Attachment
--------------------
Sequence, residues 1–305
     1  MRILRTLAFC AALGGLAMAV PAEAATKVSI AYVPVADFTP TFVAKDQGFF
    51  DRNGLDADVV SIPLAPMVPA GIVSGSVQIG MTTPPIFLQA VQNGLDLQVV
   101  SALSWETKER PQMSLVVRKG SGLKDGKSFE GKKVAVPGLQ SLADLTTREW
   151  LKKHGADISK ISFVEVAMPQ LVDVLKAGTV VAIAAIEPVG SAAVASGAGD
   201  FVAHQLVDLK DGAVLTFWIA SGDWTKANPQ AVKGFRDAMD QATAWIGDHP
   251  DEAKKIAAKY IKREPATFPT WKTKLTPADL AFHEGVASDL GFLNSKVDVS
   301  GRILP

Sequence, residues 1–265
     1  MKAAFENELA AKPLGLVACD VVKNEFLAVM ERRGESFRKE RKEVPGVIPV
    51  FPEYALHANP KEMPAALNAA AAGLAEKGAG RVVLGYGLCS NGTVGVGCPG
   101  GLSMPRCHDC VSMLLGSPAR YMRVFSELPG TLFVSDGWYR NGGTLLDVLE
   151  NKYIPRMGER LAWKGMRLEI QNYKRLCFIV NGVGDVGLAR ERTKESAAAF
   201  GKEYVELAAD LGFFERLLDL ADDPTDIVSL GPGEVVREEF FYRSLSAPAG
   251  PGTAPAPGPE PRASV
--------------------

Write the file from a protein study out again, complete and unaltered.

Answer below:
Sequence, residues 1–305
     1  MRILRTLAFC AALGGLAMAV PAEAATKVSI AYVPVADFTP TFVAKDQGFF
    51  DRNGLDADVV SIPLAPMVPA GIVSGSVQIG MTTPPIFLQA VQNGLDLQVV
   101  SALSWETKER PQMSLVVRKG SGLKDGKSFE GKKVAVPGLQ SLADLTTREW
   151  LKKHGADISK ISFVEVAMPQ LVDVLKAGTV VAIAAIEPVG SAAVASGAGD
   201  FVAHQLVDLK DGAVLTFWIA SGDWTKANPQ AVKGFRDAMD QATAWIGDHP
   251  DEAKKIAAKY IKREPATFPT WKTKLTPADL AFHEGVASDL GFLNSKVDVS
   301  GRILP

Sequence, residues 1–265
     1  MKAAFENELA AKPLGLVACD VVKNEFLAVM ERRGESFRKE RKEVPGVIPV
    51  FPEYALHANP KEMPAALNAA AAGLAEKGAG RVVLGYGLCS NGTVGVGCPG
   101  GLSMPRCHDC VSMLLGSPAR YMRVFSELPG TLFVSDGWYR NGGTLLDVLE
   151  NKYIPRMGER LAWKGMRLEI QNYKRLCFIV NGVGDVGLAR ERTKESAAAF
   201  GKEYVELAAD LGFFERLLDL ADDPTDIVSL GPGEVVREEF FYRSLSAPAG
   251  PGTAPAPGPE PRASV